“With the enormous advances made in the miniaturization of instruments, it is not unthinkable anymore that neuroethologists will, at one point in the future, be able to obtain physiological recordings from animals living a relatively normal life in their natural habitat!”
Gunther K.H. Zupanc, 2004
At least since the 1950s studies of sensory systems have been divided into two largely non-overlapping, perspectives: one is neuroethological, organismic, and concerned with understanding how the animal senses its environment and the brain’s role in guiding behavior. The other is neurophysiological: it tries to understand the function of neurons and connections in sensory circuits by probing them under well-controlled experimental conditions. Here the subject is typically anesthetized or restrained, connected by cables to laboratory equipment, and the stimuli are abstract and designed to favor subsequent mathematical analysis. Clearly these two strands will need to be unified some day, and indeed there has been a persistent trend in neurophysiology to work on awake animals and even allow them a degree of movement. We took a different approach, by bringing neurophysiology into the wild, as reported in this week’s Nature Neuroscience.
A new instrument allows us to observe brain function in unplugged animals moving freely in their natural habitat. Our design made use of components from very disparate domains: a commercial set of electrodes; a microchip based on circuits for the particle accelerator in Geneva; and a tiny transmitter developed for the needs of spies. The resulting miniature device compresses what used to be a man-sized rack of electronics into the palm of your hand, or – more importantly – onto the head of a rat. It records the voltage signals on 64 brain electrodes, amplifies and processes them, and radios the result to a remote receiver up to 100 m away. It is light enough to allow the rat full freedom of movement, and runs for 6 hours on a single battery charge.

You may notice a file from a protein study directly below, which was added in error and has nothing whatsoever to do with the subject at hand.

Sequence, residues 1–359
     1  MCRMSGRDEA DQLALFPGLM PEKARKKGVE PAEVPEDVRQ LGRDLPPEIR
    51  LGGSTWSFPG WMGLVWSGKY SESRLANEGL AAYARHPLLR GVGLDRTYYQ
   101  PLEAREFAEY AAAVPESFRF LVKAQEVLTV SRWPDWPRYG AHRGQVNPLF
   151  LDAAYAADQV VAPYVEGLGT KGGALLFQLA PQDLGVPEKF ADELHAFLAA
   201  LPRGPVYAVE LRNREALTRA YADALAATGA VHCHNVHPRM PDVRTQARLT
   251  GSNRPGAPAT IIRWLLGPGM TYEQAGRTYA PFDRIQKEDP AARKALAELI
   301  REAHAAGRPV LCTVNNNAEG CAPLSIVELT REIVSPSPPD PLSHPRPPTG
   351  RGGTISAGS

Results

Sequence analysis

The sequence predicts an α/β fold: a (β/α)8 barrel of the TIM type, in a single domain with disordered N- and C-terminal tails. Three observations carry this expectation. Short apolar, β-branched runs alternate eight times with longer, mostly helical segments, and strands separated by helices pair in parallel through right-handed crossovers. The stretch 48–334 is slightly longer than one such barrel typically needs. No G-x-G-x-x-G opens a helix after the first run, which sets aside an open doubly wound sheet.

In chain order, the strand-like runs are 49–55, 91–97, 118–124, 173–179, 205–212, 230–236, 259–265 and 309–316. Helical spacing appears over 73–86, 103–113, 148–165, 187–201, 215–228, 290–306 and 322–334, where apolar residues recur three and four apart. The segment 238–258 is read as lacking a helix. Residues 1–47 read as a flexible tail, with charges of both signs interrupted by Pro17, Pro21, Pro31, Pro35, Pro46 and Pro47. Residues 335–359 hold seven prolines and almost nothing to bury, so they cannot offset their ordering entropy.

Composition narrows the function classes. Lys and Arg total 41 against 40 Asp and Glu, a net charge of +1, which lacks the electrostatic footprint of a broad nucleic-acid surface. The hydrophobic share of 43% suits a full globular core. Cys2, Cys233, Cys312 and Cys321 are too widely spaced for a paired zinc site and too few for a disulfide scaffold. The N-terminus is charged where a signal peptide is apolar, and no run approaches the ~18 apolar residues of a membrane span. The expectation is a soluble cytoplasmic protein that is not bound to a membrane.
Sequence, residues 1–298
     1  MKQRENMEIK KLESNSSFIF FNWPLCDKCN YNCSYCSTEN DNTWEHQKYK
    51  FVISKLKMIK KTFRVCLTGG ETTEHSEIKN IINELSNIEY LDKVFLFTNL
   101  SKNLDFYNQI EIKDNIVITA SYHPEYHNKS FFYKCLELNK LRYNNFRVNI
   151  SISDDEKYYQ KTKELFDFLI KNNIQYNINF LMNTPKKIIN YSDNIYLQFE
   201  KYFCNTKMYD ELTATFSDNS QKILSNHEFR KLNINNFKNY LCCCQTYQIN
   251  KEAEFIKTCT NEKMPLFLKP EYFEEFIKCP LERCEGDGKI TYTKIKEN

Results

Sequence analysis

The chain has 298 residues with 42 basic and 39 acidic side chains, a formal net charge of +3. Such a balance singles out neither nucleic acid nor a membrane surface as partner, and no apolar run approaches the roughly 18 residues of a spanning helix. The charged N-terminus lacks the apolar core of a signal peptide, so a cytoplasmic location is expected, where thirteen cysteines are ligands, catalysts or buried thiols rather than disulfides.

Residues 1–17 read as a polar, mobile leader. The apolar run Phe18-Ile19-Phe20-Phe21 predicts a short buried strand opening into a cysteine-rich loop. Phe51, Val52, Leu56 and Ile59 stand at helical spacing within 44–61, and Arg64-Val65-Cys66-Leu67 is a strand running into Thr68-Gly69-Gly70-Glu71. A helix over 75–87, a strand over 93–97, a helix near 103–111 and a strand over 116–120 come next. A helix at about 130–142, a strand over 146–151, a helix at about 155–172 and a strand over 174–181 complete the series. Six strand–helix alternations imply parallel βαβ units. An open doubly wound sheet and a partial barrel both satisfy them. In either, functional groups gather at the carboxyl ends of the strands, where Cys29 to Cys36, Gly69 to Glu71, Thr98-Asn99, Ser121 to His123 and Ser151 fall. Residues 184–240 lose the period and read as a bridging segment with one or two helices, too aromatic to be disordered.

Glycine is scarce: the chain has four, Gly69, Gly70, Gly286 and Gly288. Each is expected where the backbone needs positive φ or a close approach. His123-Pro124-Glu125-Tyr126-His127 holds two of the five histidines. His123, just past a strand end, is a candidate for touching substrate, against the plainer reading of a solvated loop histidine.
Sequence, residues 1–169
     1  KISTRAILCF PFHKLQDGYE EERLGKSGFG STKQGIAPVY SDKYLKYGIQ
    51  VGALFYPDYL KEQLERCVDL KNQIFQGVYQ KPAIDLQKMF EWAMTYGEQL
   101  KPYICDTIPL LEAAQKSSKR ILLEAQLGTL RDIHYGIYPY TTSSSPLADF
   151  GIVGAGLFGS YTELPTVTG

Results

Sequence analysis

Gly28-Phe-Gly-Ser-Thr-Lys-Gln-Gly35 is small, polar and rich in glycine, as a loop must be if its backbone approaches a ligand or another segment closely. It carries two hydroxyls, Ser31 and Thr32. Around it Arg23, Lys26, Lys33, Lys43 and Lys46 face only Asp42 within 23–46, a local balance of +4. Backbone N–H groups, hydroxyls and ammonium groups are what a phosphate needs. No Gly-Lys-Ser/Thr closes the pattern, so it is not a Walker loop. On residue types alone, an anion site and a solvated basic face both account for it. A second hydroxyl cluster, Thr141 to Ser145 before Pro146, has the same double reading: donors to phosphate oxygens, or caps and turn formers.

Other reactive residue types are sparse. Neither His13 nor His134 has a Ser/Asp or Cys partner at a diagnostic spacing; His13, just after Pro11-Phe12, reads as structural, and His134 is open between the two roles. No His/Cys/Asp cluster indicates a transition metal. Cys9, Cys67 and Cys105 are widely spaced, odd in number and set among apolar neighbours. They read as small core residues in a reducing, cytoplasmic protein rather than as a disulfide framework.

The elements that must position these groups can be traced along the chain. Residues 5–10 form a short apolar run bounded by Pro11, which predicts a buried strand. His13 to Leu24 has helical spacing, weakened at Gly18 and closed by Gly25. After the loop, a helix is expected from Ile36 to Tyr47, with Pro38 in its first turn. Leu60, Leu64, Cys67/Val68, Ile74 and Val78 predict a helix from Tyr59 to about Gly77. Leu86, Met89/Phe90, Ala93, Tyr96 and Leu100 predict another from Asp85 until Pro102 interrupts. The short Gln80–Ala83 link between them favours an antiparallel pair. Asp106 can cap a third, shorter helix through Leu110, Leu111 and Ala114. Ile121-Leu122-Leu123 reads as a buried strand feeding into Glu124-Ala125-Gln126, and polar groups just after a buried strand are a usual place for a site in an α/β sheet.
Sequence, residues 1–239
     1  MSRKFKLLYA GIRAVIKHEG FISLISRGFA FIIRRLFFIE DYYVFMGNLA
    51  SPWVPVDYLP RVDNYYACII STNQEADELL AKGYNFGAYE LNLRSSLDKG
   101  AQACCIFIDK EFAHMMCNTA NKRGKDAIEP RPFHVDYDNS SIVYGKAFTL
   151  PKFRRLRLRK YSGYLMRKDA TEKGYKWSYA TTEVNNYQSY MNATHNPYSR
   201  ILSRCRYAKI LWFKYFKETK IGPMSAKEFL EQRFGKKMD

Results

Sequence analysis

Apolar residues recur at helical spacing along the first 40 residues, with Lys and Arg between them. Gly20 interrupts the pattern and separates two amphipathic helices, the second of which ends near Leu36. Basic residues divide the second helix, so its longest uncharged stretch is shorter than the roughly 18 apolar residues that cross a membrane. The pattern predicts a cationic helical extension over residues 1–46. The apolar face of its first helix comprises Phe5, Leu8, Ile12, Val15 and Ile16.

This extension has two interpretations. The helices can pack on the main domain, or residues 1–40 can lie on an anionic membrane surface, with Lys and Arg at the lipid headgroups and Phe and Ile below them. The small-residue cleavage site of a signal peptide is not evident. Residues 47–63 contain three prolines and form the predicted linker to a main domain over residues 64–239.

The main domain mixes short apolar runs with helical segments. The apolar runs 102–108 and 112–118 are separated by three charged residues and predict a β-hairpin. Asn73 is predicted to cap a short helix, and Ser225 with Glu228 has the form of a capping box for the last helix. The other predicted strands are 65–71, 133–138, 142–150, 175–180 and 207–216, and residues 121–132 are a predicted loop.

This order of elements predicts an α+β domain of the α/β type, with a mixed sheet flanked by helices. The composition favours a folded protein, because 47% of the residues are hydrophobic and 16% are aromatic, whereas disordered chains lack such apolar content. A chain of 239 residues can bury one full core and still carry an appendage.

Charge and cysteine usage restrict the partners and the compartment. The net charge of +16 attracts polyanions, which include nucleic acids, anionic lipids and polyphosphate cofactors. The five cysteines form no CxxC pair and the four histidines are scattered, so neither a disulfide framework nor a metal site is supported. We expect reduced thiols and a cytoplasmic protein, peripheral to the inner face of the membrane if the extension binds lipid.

Much of our report is concerned with pleasing the skeptics, documenting the technical capabilities of the wireless recorder, and testing it in the laboratory against conventional recording systems under a wide range of experimental conditions. The quality of the wireless recordings is in fact indistinguishable from state-of-the-art wired systems. We expect that this technology will soon replace the cumbersome and expensive rack-mounted instruments with cables, even under conditions that don’t require full mobility of the animal.
But the most satisfying and exciting experiments happened when we released our rats into the wild: not quite the jungle perhaps, but a large enclosure at the Concord Field Station. The animals were fully engaged with this rich environment. No need for the frequent rat-naps that one observes in constrained laboratory conditions! Rats explored the field, built nests, and burrowed. Not wanting to wait for them to complete a tunnel on their own, we provided some pre-fab pipes that proved popular.
In our first experiments we aimed electrodes at the primary visual cortex, an early processing station along the visual pathway, and recorded the trains of action potentials from multiple neurons in parallel. Many of the cells were strongly modulated in their firing in ways that correlated with the animal’s behavior, for example as the rat emerged from a pipe, or as it explored the leaf litter. Clearly every movement of the animal brings a new scene into view, and this drives the visual pathways. Altogether we were surprised how much of the activity in a presumed “visual” region of the brain can be predicted by simply watching the animal move. In ongoing work we want to explore further the nature of these sensory-motor loops that characterize the animal’s natural behavior, and understand to what extent the insights from laboratory-bound experiments translate into the wild.
Professor Zupanc: the future is here.